Research could lead to better vaccines and new antivirals

Scientists have identified a new regulator of the innate immune response—the immediate, natural immune response to foreign invaders. The study suggests that therapeutics that modulate the regulator—an immune checkpoint—may represent the next generation of antiviral drugs, vaccine adjuvants, cancer immunotherapies, and treatments for autoimmune disease….

Scientists have identified a new regulator of the innate immune response—the immediate, natural immune response to foreign invaders. The study suggests that therapeutics that modulate the regulator—an immune checkpoint—may represent the next generation of antiviral drugs, vaccine adjuvants, cancer immunotherapies, and treatments for autoimmune disease….

Lack of oxygen, not excessive stimulation, cause for half of seizure-related brain damage in epilepsy

Neuronal degeneration is the most severe long-term consequence of repetitive seizures in patients with epilepsy, which until now was thought to be primarily caused by excitotoxicity, or over-stimulation of the neurons. New findings indicate hypoxia, or lack of oxygen, due to abnormal blood flow may be to blame for as much as half the neuronal death caused by the condition….

Neuronal degeneration is the most severe long-term consequence of repetitive seizures in patients with epilepsy, which until now was thought to be primarily caused by excitotoxicity, or over-stimulation of the neurons. New findings indicate hypoxia, or lack of oxygen, due to abnormal blood flow may be to blame for as much as half the neuronal death caused by the condition….

Sponge bacterium found to encapsulate arsenic drawn from environment

A new study sheds light on a unique biological model of arsenic detoxification. According to the new research, the Entotheonella bacterium that inhabits the Theonella swinhoei sponge is one of the only known cases of a bacterium protecting its host from metal poisoning….

A new study sheds light on a unique biological model of arsenic detoxification. According to the new research, the Entotheonella bacterium that inhabits the Theonella swinhoei sponge is one of the only known cases of a bacterium protecting its host from metal poisoning….

Woodstoves are good for the soul, bad for the heart

The risk of acute myocardial infarction for the elderly living in and around small cities is increased by air pollution caused by biomass burning from woodstoves….

The risk of acute myocardial infarction for the elderly living in and around small cities is increased by air pollution caused by biomass burning from woodstoves….

Doctors should discuss herbal medication use with heart disease patients

Physicians should be well-versed in the herbal medications heart disease patients may take to be able to effectively discuss their clinical implications, potential benefits and side effects—despite a lack of scientific evidence to support their use, according to a review paper….

Physicians should be well-versed in the herbal medications heart disease patients may take to be able to effectively discuss their clinical implications, potential benefits and side effects—despite a lack of scientific evidence to support their use, according to a review paper….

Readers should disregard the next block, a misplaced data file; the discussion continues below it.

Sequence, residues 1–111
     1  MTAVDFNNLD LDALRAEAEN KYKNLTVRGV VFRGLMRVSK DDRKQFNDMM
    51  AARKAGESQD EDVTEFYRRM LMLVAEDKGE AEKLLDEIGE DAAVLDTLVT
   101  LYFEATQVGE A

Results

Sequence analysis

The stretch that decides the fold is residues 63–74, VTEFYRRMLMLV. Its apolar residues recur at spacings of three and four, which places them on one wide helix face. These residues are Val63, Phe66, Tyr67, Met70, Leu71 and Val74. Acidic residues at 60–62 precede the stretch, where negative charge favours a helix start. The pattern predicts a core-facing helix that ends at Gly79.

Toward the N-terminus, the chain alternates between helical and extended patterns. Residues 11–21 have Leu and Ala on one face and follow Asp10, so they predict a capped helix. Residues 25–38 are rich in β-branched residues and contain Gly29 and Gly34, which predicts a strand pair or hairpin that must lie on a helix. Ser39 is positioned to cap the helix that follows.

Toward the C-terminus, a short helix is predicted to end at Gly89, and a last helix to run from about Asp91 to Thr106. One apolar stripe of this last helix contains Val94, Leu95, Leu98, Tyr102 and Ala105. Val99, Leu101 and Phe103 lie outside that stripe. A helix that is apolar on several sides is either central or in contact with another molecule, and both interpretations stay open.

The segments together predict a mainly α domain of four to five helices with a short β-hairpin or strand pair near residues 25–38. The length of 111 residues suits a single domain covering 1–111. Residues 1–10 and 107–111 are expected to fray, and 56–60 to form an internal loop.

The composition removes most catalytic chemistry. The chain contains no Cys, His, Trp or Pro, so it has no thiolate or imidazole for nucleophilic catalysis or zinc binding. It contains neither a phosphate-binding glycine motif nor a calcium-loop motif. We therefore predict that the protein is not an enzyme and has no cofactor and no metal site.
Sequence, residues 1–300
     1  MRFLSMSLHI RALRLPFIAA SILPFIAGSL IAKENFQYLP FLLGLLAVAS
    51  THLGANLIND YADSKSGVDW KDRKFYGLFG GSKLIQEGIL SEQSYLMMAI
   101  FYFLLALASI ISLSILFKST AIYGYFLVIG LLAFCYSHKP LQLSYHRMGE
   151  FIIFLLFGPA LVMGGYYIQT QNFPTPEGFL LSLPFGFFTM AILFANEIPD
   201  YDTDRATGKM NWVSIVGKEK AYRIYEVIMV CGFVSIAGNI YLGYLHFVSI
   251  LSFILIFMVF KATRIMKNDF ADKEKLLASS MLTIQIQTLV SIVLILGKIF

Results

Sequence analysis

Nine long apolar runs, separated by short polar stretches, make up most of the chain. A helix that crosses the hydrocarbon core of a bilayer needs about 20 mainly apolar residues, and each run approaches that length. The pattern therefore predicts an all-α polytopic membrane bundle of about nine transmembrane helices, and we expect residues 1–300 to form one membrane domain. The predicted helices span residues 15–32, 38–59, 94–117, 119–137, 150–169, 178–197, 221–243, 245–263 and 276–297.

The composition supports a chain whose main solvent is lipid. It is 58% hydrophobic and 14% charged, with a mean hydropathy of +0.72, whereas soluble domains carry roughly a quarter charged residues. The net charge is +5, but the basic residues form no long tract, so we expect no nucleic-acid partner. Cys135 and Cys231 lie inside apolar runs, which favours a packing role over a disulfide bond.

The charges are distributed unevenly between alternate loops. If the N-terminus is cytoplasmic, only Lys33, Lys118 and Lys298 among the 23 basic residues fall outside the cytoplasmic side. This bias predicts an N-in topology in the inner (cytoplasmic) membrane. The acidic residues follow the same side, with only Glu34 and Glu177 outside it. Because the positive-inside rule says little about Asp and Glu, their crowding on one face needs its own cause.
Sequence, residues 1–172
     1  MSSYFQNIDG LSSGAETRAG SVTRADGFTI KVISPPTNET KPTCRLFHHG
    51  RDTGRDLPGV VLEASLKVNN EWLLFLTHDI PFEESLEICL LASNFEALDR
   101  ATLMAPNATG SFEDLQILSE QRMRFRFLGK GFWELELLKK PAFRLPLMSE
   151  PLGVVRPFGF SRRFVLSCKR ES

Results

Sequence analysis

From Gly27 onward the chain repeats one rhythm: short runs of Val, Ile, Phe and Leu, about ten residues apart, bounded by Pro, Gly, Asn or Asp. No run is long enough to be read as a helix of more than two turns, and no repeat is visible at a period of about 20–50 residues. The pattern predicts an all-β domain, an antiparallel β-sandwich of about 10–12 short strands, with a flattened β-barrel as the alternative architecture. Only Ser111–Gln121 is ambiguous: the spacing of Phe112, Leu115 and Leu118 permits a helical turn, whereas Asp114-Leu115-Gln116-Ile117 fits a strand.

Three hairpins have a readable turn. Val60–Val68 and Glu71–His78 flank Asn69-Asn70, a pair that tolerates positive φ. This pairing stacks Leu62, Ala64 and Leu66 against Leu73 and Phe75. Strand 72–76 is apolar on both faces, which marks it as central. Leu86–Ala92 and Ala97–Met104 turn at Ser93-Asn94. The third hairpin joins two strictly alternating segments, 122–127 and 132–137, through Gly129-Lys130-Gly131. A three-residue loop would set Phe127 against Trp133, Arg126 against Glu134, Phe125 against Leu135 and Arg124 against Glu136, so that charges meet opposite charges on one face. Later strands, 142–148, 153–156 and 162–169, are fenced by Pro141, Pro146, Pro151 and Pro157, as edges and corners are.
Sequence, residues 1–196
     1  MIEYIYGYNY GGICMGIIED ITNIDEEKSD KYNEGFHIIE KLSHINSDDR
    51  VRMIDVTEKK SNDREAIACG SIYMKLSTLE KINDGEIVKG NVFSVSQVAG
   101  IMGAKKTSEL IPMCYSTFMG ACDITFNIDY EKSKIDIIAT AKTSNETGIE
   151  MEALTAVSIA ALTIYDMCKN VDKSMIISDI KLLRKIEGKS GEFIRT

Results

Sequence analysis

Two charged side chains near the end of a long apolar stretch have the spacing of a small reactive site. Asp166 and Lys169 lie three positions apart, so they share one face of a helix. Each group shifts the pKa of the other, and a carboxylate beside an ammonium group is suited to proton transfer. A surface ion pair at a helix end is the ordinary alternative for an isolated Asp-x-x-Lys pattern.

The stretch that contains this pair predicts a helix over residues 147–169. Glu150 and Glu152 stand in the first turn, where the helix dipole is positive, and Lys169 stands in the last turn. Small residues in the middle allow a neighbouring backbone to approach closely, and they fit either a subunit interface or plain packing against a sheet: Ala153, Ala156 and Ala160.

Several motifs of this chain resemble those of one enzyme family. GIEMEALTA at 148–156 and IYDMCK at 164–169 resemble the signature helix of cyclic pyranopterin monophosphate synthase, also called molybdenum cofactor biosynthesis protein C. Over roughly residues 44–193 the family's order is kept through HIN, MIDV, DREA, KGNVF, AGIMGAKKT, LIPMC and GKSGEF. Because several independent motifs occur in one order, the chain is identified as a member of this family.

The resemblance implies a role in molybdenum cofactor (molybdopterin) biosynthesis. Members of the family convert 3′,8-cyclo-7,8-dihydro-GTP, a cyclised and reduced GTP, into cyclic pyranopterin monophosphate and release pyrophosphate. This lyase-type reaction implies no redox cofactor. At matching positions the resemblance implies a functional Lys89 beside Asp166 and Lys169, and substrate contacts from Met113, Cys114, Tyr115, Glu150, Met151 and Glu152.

Taking aim at a key malaria molecule

A team of biological engineers has developed a method to measure levels of heme, a critical iron-containing molecule, inside the parasite that causes malaria. This could eventually help scientists develop better drugs to combat the disease….

A team of biological engineers has developed a method to measure levels of heme, a critical iron-containing molecule, inside the parasite that causes malaria. This could eventually help scientists develop better drugs to combat the disease….

How your brain makes articles go viral

Activity in the self-related, mentalizing, and positive valuation regions of the brain combine unconsciously in our thoughts to determine what we want to read and share, such that brain scans from a small group of people can predict large-scale virality, say researchers. New fMRI research reveals what goes on in the brain when people decide to share news articles with others. The researchers then used this neural activity in 80 people to accurately predict the virality of 80 New York Times healt…

Activity in the self-related, mentalizing, and positive valuation regions of the brain combine unconsciously in our thoughts to determine what we want to read and share, such that brain scans from a small group of people can predict large-scale virality, say researchers. New fMRI research reveals what goes on in the brain when people decide to share news articles with others. The researchers then used this neural activity in 80 people to accurately predict the virality of 80 New York Times healt…

New study tests potential treatment to combat Gulf War Illness

An estimated 25 percent of the 700,000 troops who engaged in the fierce battles of Operation Desert Storm and related Gulf War combat during 1990-91 are fighting a different, but relentless foe: Gulf War illness. A new study tests potential treatment to combat Gulf War illness….

An estimated 25 percent of the 700,000 troops who engaged in the fierce battles of Operation Desert Storm and related Gulf War combat during 1990-91 are fighting a different, but relentless foe: Gulf War illness. A new study tests potential treatment to combat Gulf War illness….